Criminal Justice (CRJS) 495

Sex Crimes (Revision 1)

CRJS 495 Course Cover

Delivery Mode: Individualized study online (with eTextbook)

Credits: 3

Area of Study: Applied Studies

Prerequisite: None

Faculty: Faculty of Humanities & Social Sciences

Criminal Justice Studies home page

CRJS 495 has a Challenge for Credit option.

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CRJS 495: Sex Crimes is a three-credit, senior-level course offered by Athabasca University. The course covers a range of topics that are of mutual interest to professionals involved in the administration of justice, including the enforcement or evaluation/rehabilitation sectors.

Sexual crimes, more than any other type, incite a reaction in the general population that includes anguish, fear and anger. The image of a violent pedophile is rarely without commentary from other community members. However, such strong sentiments are not accompanied by objective knowledge of this area of crime.

In this course, we explore a range of sex crimes to understand types of offenders and ways in which their behaviours can be modified. Students involved practically in the justice system will find the course content to be of specific relevance. Additionally, it will be of interest to those studying abnormal behaviour and criminology.


CRJS 495 comprises the following 7 units.

  • Unit 1: Sex Behaviours, Crimes and Theories of Sexual Deviance (Chapters 1 and 2)
  • Unit 2: Sex in History and Nuisance Sex Behaviours (Chapters 3 and 4)
  • Unit 3: Incest and Pedophilia (Chapters 5 and 6)
  • Unit 4: Pornography (Chapters 7 and 8)
  • Unit 5: Sex, the Internet and Dangerous Sex Crimes (Chapters 9 and 10)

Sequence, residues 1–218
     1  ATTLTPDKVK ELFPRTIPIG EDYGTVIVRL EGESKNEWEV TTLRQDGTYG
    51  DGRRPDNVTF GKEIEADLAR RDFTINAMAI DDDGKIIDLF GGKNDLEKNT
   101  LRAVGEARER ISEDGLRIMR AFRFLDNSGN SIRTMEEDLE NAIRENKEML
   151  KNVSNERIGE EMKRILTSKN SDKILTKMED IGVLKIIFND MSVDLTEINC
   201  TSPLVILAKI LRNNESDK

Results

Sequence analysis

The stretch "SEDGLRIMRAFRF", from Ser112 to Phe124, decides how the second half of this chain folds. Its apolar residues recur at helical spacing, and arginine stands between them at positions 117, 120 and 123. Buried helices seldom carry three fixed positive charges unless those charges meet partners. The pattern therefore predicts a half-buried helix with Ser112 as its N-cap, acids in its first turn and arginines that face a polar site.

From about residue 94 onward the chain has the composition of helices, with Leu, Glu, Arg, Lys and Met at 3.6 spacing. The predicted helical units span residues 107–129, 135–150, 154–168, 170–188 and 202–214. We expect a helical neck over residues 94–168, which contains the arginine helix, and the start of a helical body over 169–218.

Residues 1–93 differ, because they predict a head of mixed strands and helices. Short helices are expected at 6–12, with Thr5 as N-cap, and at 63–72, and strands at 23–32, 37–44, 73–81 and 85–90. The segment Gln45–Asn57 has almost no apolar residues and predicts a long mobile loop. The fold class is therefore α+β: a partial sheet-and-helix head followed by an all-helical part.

• Unit 6: Sexually Motivated Homicides and Sexual Assault (Chapters 11 and 12)
  • Unit 7: Helping Victims and Rehabilitating Offenders (Chapters 13 and 14)


To receive credit for CRJS 495, you must achieve a course composite grade of at least a D (50 percent). You must achieve a minimum grade of D (50 percent) on each assignment/examination. The weighting of the composite grade is as follows:

Activity Weighting
7 Unit Quizzes (5% each) 35%
Research Paper 25%
Exam 40%
Total 100%

Note: Weighting in grouped-study offerings may be altered to accommodate a classwork component.

The final examination for this course must be taken online with an AU-approved exam invigilator at an approved invigilation centre. It is your responsibility to ensure your chosen invigilation centre can accommodate online exams. For a list of invigilators who can accommodate online exams, visit the Exam Invigilation Network.

Course Materials


Registration in this course includes an electronic textbook. For more information on electronic textbooks, please refer to our eText Initiative site.

Holmes, S. T., & Holmes, R. M. (2009). Sex crimes: Patterns and behaviors (3rd ed.). Los Angeles, CA: Sage.

A print version of the eText may be available for purchase from the publisher through a direct-to-student link provided on the course website; you can also acquire the textbook on your own if you wish.

Other Materials

Most of the course materials for CRJS 495 are available online through the myAU portal, and these will be sent to you before your course start date.

Challenge for Credit Overview

The Challenge for Credit process allows you to demonstrate that you have acquired a command of the general subject matter, knowledge, intellectual and/or other skills that would normally be found in a university-level course.

Full information about Challenge for Credit can be found in the Undergraduate Calendar.

Challenge Evaluation

To receive credit for CRJS 495, you must complete all evaluation components for the course (i.e., the 7 unit quizzes, the research paper and the final exam). Your overall grade must be D (50 percent) or better and you must pass the final exam. The passing grade for the exam is D (50 percent).

Activity Weighting
7 Unit Quizzes (5% each) 35%
Research Paper 25%
Exam 40%
Total 100%

Undergraduate Challenge for Credit Course Registration Form

Athabasca University reserves the right to amend course outlines occasionally and without notice. Courses offered by other delivery methods may vary from their individualized-study counterparts.

Opened in Revision 1, February 13, 2012.